Remembering Starlings

It started with a short film-clip that was shot sometime the 1950s. Trafalgar Square. Looking up at the statue of Nelson, motionless on top of his column, surveying all before him, in grainy black and white. Atmospheric and redolent of faded Empire, rationing, post-war gloom.... and Starlings. Thousands of Starlings. Swirling around our fabled Admiral, clouds of chattering, screeching birds, getting ready to roost in one of London's most famous squares. In 1950 over 100,000 Starlings were recorded roosting there. And it got me thinking of the roosts of my youth and how we all took this most humble of birds for granted, even dismissed it from our list of what were considered to be birds 'worth bothering about'. It got lumped in with House Sparrows and Feral Pigeons. Not worth looking at. This was, of course, before their numbers plummeted.

During the 1970s I grew accustomed to seeing the pre-roost gatherings of Starlings over Sutton. Black vortexes that morphed in shape as others joined in, impossible cones, funnels and clouds that should surely collide and break the individual bodies into a mess of blood and feather. But they didn't, seemingly flying for the sheer joy of doing so, showing off their aerial mastery to whoever was witnessing it far below. 5-10,000 was commonplace. In November 1981 I was at Walberswick in Suffolk, standing by the Lodge and birding over the reedbed below. The numbers of Starlings were truly staggering. To put a number to the gathering roost was foolhardy, but, being foolhardy, I did - 400,000. Not enough. Could have been double that - no, triple that. It was mesmerising. Even though we were hundreds of yards away, each convulsion in the flock was accompanied by a spine-tingling "whoooosh!" This was nature at its most awe-inspiring. Every late-autumn visit to Dungeness would involve clouds of them coming in off the sea, ragged clots of black making landfall and heading inland. Sometimes they would follow the coastline, a conveyor belt of messiness that never broke down. Again in their tens of thousands.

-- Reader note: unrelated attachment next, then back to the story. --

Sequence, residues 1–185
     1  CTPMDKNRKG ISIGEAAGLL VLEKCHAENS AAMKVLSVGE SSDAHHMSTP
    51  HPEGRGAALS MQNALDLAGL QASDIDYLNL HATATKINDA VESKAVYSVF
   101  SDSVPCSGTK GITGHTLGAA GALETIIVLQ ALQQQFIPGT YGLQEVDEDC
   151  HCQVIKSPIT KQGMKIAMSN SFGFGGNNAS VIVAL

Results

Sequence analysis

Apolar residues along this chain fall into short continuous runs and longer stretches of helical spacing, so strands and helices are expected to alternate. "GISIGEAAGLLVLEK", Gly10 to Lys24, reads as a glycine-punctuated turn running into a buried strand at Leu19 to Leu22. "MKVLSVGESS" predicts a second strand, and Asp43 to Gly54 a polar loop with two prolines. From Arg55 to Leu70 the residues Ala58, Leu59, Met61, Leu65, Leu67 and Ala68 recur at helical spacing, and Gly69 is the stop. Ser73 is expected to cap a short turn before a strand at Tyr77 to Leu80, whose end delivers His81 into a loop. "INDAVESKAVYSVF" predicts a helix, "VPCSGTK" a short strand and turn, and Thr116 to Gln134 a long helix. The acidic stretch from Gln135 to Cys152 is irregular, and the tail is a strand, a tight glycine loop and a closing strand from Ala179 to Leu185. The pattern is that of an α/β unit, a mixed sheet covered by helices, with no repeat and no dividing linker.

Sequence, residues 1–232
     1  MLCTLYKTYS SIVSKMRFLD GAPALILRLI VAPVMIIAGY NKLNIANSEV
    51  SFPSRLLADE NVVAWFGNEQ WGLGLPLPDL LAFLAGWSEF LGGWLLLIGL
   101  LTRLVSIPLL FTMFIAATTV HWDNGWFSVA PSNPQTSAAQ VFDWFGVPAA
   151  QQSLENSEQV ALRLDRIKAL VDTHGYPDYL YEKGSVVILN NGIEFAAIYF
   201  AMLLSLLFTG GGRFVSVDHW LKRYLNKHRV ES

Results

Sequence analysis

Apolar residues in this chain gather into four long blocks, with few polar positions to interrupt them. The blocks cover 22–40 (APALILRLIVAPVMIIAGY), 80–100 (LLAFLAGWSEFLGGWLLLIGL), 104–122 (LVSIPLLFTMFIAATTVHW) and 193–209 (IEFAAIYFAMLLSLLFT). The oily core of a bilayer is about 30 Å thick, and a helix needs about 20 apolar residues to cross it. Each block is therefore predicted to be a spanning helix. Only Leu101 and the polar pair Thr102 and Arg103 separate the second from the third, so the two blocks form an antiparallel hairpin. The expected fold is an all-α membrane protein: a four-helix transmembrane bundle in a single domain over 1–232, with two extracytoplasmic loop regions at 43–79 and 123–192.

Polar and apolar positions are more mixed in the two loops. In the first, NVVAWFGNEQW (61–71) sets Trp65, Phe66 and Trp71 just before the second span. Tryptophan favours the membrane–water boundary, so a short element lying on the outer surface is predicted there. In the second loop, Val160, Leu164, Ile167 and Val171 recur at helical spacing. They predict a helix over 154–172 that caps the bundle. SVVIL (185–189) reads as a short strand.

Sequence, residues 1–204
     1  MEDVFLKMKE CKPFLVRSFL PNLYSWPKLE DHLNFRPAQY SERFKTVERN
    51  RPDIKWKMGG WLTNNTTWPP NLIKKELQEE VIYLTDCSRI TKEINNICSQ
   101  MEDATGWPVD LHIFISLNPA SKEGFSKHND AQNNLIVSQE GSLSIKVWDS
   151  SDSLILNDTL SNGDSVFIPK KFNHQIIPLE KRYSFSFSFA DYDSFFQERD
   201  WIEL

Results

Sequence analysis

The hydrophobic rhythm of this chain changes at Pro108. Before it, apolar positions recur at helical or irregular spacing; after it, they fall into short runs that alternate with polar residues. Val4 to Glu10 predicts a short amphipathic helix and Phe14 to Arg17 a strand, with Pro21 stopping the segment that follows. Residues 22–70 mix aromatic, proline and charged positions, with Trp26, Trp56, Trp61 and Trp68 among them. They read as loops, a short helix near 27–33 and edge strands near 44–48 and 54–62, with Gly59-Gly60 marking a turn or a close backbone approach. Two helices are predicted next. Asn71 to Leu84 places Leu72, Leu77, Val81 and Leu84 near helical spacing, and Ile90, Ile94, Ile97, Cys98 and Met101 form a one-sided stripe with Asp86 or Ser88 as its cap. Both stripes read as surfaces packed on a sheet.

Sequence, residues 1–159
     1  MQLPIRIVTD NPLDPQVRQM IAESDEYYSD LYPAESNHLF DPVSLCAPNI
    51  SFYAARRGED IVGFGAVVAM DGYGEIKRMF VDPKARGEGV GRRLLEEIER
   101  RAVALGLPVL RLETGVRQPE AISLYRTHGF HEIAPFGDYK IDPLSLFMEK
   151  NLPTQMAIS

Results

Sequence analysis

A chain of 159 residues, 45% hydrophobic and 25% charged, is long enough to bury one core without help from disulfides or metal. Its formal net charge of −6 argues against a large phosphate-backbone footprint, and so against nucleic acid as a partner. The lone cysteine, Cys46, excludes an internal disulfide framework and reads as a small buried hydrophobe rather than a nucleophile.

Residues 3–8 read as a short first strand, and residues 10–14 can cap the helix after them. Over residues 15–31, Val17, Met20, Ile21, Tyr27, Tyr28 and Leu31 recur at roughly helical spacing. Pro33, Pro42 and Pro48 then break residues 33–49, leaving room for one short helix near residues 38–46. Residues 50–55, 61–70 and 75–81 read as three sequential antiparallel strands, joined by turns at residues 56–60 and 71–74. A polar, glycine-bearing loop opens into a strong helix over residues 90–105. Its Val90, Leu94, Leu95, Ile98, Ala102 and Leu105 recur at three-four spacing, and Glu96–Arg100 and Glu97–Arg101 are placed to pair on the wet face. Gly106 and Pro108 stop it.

And then the gatherings seemed to stop. The number of migrants drained away. Those that did remain were in much reduced numbers. Shadows of what had gone before. Relegated to being remembered via grainy black and white film. Big Starling roosts do still exist, but they are things that need to be tracked down, not everyday events over everyday skies. Somerset levels, Brighton sea-front, both will provide a show if you want one. When I now look out of my window and see a group of 50 Starlings gathering on neighbouring chimneys and aerials, I get excited. 50 is a good count. Maybe they are coming back. And, at the same time, maybe just a part of me is transported back to my youth, when it was all taken for granted.